Book Review: “Hogfather” by Terry Pratchett

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The twentieth Discworld novel is a good read, solid entertainment.

The villain is a handsome young assassin named Teatime (Teh-ah-TIM-eh) who is, unlike most assassins, a raving psychopath. Together with a band of thugs, thieves, and misfits (including an expert at picking locks and a student wizard trying to pay off some debts) he takes on the job of a lifetime–or rather, of all lifetimes.

His target is the Hogfather, the Discworld equivalent of Santa Claus, though he wouldn’t say no to killing the Tooth Fairy and Death Himself into the bargain. And of course, because Discworld is on the edge of reality, where the boundary between Real and Unreal is very, very thin, this sort of thing is bound to cause bizarre side effects. Like, for instance, the fact that every time the wizards at Unseen University happen to mention a fanciful creature, like the “Eater of Socks” or the “Cheerful Fairy,” it comes into existence. Like the fact that Death himself is doing the Hogfather’s rounds on a sleigh pulled by four wild boars, accompanied by his faithful servant Albert (in a gnome costume). Like the fact that death’s granddaughter, Susan Sto-Helit (the daughter of Mort and of Death’s adopted daughter), now working as a governess to a wealthy family in Ankh-Morpork, where her job consists mainly of using the poker on creatures conjured into existence by the tortured imaginations of her young charges, finds herself riding Binky the pale horse of death across the boundaries of reality, accompanied by Bilious the “oh god” of hangovers, while Teatime’s team of crooks is picked off one by one by their worst childhood fears in a castle of human teeth. And as a side-splitting side plot, you get to see Foul Old Ron and his team of filthy beggars changing places, for one Hogwatch Night, with the patrons of a gourmet restaurant.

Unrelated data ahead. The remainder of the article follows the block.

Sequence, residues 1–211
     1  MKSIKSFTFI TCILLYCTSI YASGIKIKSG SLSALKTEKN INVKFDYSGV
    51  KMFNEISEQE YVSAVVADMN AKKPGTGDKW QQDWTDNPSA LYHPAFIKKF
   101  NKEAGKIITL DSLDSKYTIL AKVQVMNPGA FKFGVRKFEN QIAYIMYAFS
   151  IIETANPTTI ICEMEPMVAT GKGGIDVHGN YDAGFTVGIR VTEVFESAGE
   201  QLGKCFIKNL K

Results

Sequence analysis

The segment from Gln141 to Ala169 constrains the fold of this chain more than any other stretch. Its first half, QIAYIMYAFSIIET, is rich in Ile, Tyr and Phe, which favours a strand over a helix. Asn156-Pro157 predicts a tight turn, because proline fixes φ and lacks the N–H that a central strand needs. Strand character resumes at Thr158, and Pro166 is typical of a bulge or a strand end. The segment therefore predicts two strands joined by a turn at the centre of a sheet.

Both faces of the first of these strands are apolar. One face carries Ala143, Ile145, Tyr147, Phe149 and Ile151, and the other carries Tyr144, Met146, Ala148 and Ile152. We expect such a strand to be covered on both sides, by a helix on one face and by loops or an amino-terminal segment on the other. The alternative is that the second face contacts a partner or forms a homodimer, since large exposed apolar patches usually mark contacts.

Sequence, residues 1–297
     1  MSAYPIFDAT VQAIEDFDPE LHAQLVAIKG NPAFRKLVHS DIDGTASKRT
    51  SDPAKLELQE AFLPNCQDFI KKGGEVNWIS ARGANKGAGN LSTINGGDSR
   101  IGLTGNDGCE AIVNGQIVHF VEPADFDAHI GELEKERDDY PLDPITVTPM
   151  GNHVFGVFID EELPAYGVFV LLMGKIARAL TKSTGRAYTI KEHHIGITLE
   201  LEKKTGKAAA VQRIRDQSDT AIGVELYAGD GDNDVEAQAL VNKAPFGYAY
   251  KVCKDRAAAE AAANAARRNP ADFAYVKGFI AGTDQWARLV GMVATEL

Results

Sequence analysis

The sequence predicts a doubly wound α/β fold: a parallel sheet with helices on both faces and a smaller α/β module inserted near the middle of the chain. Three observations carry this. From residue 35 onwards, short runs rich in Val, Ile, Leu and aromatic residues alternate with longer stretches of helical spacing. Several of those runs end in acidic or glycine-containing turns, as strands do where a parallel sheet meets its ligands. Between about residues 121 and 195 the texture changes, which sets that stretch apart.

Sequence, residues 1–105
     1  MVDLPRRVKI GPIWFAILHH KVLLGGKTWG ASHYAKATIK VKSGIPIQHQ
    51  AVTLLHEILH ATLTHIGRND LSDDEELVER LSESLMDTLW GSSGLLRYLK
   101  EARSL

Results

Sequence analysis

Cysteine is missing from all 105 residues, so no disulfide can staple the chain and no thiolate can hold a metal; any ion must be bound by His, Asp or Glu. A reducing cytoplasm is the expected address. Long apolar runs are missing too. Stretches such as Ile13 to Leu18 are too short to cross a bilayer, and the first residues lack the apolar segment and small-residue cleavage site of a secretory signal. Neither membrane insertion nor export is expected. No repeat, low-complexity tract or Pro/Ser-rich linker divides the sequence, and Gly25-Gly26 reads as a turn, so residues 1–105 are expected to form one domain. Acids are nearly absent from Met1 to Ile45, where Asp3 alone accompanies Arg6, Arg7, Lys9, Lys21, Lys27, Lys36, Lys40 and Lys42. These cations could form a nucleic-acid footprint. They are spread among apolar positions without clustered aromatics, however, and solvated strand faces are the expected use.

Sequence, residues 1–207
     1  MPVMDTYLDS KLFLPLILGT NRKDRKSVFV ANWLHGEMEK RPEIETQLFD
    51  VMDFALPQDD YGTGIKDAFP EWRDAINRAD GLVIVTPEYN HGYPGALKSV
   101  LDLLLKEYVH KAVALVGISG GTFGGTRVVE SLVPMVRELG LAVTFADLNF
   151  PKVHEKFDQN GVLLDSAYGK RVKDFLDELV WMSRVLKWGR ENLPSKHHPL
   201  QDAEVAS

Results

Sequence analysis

I think Teatime may actually be the most frightening villain Pratchett has imagined so far. Though his accomplices mostly come to their own, more or less deserved ends without his direct intervention, the way he holds them in his fear is, well, fearsome. On the other hand Susan Sto-Helit is a wonderful, anti-Mary Poppins-type heroine. And you’ll have a lot of fun with the wizards and Death and the Hex machine invented by Ponder Stibbons (basically, a magical super-computer that is growing into something like HAL from 2001: A Space Odyssey).

There are already four recurring characters with a rather limited vocabulary but whose utterances, nevertheless, elicit warmth and laughter from the reader. To quote them: “Oook!” SQUEAK! “Buggrit! Millenium hand and shrimp!” and +++Out Of Cheese Error+++. (From Left: the Librarian, the Grim Squeaker, Foul Old Ron, and Hex).

The architectural marvels of Bloody Stupid Johnson continue to amaze, the charming simplicity of Death (accompanied by his not-so-simple man-of-all-service) continues to sparkle, and the whole idea of a haute-cuisine restaurant serving variations on mud and boots is simply not to be missed.

Recommended Age: 14+